If you are an American citizen, I highly urge you to vote. While I can’t pretend to be without my bias in this particular election, I just believe it’s generally a good thing to exercise the rights you have. Don’t like McCain or Obama? There’s always Barr representing the Libertarians, McKinney for the Green party, Nader for the Independents, and a handful of others. You have options, whether or not you believe them to be plausible.
As I was walking the three minutes to my voting location (no lines!), I recalled one of my favorite turn-based strategy games of all time: Master of Orion. This game struck me not only because of the numerous archetypal races from which you could select, nor the ability to build your own ships, not even the fact that you could utilize espionage for both terrorism and technology burglary, but the fact that every twenty-five years (measured year/turn) the races would convene to have a Council Meeting. During this meeting, it was possible to win by being elected High Master of the Universe (spiffy job title that) with a two-thirds majority vote. It’s one of the few games I’ve played where I can be elected to a position of power (barring those about elections themselves).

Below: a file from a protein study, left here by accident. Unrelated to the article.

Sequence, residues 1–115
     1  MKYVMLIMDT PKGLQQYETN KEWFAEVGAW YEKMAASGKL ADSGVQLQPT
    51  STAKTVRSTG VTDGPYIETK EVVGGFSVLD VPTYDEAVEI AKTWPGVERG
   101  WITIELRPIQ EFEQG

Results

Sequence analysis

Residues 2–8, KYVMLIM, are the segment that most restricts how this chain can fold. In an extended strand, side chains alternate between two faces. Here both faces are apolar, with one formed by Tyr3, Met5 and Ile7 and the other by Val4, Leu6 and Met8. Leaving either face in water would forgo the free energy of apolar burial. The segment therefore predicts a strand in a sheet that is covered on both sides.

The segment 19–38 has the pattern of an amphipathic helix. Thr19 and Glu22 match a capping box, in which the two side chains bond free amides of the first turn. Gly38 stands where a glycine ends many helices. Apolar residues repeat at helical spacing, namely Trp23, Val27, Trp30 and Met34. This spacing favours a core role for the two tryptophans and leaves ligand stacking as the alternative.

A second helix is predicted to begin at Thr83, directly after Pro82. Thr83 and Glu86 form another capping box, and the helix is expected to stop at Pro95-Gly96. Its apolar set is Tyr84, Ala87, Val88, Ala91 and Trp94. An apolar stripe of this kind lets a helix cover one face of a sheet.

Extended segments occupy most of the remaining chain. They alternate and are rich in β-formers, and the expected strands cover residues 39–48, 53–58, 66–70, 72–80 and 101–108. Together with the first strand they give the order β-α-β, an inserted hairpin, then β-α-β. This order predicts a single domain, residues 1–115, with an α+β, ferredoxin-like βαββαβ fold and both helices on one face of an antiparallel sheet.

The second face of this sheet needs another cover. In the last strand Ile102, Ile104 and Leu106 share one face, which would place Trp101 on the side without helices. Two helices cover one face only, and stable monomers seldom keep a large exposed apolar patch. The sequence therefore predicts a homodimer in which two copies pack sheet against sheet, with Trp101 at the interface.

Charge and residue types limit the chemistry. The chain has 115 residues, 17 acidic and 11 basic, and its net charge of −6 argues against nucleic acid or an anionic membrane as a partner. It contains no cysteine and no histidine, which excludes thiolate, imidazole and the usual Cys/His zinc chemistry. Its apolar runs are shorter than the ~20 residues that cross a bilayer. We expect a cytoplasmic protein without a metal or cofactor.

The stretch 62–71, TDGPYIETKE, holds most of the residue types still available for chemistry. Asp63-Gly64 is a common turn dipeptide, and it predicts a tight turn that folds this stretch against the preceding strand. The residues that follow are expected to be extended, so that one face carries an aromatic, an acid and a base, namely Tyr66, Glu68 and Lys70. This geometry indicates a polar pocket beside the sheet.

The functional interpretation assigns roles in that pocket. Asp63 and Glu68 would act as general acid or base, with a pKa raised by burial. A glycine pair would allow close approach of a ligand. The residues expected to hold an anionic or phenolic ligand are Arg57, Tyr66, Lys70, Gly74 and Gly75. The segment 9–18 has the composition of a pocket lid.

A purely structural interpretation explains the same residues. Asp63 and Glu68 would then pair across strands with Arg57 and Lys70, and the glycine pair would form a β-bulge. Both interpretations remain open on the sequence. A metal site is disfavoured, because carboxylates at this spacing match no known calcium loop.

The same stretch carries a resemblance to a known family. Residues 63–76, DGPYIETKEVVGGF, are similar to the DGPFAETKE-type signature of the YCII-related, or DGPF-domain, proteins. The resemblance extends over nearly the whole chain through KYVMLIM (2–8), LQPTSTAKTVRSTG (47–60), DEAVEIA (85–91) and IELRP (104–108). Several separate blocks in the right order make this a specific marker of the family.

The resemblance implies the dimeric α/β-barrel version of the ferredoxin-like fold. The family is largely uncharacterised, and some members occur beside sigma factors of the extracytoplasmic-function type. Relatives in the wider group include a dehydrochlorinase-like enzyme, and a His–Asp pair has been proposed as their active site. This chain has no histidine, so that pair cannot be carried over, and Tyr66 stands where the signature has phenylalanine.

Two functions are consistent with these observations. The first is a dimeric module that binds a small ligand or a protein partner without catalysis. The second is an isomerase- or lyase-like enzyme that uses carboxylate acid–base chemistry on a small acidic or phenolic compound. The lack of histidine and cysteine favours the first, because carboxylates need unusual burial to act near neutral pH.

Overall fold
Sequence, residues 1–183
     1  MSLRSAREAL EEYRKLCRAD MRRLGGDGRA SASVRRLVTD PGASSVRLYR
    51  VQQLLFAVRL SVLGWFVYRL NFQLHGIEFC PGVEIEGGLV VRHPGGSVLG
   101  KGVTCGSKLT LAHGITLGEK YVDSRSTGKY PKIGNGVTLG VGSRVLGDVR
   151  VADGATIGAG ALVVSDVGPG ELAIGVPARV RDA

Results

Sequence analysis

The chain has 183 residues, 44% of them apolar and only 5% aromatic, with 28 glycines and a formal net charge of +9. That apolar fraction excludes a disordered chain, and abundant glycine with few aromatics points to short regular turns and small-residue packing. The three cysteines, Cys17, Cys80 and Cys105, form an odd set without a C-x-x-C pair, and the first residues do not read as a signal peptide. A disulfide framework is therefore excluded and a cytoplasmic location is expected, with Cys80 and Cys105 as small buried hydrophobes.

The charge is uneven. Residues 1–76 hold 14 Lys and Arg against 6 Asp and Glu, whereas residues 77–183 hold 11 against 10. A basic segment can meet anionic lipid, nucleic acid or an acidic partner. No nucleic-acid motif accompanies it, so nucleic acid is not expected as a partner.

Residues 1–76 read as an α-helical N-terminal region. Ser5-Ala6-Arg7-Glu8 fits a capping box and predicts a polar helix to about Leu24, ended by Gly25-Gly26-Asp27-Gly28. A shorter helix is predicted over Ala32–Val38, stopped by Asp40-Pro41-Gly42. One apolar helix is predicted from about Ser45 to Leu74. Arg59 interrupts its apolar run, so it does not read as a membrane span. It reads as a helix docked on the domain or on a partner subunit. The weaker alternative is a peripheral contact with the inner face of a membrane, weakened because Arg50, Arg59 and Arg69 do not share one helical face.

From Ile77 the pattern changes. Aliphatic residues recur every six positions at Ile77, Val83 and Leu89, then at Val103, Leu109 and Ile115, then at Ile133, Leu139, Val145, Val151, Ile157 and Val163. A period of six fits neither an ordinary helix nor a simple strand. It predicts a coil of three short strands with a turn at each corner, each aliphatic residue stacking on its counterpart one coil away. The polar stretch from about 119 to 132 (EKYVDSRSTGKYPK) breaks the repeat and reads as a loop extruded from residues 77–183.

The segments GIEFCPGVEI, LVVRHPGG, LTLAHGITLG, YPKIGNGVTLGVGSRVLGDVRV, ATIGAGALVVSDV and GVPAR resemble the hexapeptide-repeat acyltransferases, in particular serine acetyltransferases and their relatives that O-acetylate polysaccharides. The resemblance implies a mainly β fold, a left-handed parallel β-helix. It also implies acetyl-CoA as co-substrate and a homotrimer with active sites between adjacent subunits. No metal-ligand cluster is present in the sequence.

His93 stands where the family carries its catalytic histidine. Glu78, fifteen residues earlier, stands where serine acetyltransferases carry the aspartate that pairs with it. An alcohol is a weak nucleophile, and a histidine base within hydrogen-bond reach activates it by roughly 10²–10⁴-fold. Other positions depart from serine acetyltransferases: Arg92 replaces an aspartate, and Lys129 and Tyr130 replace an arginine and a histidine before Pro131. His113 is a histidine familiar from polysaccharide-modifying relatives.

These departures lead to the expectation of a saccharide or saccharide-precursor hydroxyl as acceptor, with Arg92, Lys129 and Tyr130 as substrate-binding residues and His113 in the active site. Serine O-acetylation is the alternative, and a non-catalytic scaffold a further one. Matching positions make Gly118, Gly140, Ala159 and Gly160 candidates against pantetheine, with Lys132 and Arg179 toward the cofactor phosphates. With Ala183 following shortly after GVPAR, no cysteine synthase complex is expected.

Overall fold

This, in turn, made me question the role of a sovereign or president in most games. In Fallout 3, while listening to the Enclave Radio frequency, President Eden will give forth information that he was elected, though this remains a dubious statement (not far enough in the main plot to tell you any more, so no spoilers here). In many games we are faced with a few options concerning the rulers of these worlds:
- Evil Ruler: The ruler who is either in cahoots with the villain of the story, or the villain him or herself. This can take the place of a demented king or queen, an opposing kingdom, someone who wrested control from a previous sovereign forcefully, or any number of such activities. Any such situation also gives the possibility of a shadow ruler merely using the throne as a puppet for his own machinations, or the likelihood of another race (usually demonic in nature) questioning the authority of the natives of a world in governing themselves.